The credibility that comes with an introduction from EDC far surpasses any effort that a small business can do on their own.
Van Klaveren and his colleagues quickly realized the benefits of attending these events. “Whether it was a cleantech conference, trade mission or an invitation to a trade show where EDC would have a presence, there would be B2B meetings set up. As EDC and TCS saw what we were doing, how we were doing it, how professionally our story tracked, it became clear we needed to be at a lot more events and the invitations followed,” he says.
As H2 Tek’s relationship with EDC and TCS deepened, the quality of the connection opportunities that were presented to them became even more meaningful. Van Klaveren cites an invitation to participate in a cleantech fair held at the Colorado governor’s mansion as an important turning point.
“Eight American companies, three Canadian companies and one Israeli company were selected to present to mining industry executives and dignitaries from Canada and the U.S. We were thrilled that our Canadian cleantech story won that competition, taking first prize. News of that win went around to all sorts of folks and people began to realize the importance of our work, resulting in even more exposure and cleantech event invites.”
The connections H2 Tek has made are now starting to turn into deals with some of the world’s largest mining companies. In August 2019, EDC invited H2 Tek to participate in an outbound trade mission in Santiago, Chile, where they were introduced to representatives from three global mining giants with operations there.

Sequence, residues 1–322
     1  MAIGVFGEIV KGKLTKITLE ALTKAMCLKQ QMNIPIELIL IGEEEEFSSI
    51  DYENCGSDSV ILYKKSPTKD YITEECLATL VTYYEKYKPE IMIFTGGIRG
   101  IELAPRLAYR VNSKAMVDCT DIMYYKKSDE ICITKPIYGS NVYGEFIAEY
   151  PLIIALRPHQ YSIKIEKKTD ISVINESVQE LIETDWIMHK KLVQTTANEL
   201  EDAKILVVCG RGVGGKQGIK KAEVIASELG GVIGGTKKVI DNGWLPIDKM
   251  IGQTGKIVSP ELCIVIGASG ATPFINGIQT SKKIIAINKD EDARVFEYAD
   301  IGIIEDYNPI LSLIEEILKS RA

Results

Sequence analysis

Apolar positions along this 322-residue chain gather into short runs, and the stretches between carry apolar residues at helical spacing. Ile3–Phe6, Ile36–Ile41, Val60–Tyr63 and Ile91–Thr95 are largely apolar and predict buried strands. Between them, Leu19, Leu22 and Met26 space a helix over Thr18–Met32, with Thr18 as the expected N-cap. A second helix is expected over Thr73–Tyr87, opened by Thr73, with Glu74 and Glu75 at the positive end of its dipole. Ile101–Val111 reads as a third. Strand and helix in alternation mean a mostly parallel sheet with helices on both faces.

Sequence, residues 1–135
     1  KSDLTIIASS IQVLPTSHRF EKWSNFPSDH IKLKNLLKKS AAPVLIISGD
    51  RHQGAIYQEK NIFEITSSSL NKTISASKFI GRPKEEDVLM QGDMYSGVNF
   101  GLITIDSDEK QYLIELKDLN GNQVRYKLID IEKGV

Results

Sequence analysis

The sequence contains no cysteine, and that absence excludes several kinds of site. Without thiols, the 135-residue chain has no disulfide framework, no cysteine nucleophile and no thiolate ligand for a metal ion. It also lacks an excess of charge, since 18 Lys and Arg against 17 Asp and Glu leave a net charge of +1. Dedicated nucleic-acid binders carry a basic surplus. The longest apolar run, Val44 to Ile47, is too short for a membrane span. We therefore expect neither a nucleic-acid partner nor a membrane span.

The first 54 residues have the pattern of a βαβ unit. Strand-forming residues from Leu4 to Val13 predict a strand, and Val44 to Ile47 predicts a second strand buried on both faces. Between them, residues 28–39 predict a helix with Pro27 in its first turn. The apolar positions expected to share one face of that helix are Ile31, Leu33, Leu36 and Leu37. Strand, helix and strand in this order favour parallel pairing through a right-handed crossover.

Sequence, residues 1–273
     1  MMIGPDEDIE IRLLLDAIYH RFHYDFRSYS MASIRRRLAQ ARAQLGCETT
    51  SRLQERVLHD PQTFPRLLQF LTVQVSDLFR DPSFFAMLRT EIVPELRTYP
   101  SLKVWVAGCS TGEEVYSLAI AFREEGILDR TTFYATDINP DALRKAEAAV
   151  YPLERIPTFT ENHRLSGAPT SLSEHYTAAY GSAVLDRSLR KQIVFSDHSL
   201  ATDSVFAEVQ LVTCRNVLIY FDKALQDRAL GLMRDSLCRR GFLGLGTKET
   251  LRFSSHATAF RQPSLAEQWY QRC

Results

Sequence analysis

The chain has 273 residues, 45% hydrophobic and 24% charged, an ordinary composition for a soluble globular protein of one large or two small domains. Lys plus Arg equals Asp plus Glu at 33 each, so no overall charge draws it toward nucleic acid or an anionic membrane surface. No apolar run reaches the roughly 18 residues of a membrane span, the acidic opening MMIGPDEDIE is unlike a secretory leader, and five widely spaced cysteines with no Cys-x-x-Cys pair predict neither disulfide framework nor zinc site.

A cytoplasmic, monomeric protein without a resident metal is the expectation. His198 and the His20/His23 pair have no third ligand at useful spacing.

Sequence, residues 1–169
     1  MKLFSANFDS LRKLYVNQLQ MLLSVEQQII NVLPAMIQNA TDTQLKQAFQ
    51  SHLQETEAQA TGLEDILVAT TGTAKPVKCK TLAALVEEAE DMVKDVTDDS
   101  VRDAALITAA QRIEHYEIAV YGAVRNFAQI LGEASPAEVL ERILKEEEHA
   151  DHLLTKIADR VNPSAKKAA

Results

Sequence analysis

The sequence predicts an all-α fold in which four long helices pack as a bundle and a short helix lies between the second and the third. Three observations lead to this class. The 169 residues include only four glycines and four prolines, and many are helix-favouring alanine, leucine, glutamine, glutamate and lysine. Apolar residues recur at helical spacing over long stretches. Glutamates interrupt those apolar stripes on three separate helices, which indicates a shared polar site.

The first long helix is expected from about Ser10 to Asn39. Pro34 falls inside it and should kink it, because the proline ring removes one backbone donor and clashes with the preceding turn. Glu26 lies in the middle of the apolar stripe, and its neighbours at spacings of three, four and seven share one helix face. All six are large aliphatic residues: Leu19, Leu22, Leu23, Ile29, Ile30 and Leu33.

“I think we’ll be securing each of them as clients in the next 90 days,” says Van Klaveren.
The sales process in major industries like mining and energy is typically very long, explains Van Klaveren. “From the first point of contact to first purchase order (PO), it can take anywhere from two to three years,” he says. “I can say definitively that by virtue of the assistance of EDC and TCS, we got our first PO with a major mining company after only eight months.”
Equally challenging is the task of simply obtaining a meeting with a company that has a market capitalization in the billions.
“Every company that has a solution for mining wants to deal with these people. If you don’t get an audience, it’s extremely hard to tell your story. EDC can facilitate that,” he says.
“If you’re selling innovation instead of nuts and bolts, you’re typically going to have to deal with multiple people from different departments and business units. And when there are that many people involved, it really does help that you have someone to nudge your name forward.”
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EDC Business Connection Program
EDC customers can take advantage of our deep understanding of Canadian capabilities and specific needs of major international buyers with the EDC Business Connection Program. Through this program, Canadian companies are “connected” with international buyers through formal matchmaking events and other introductions.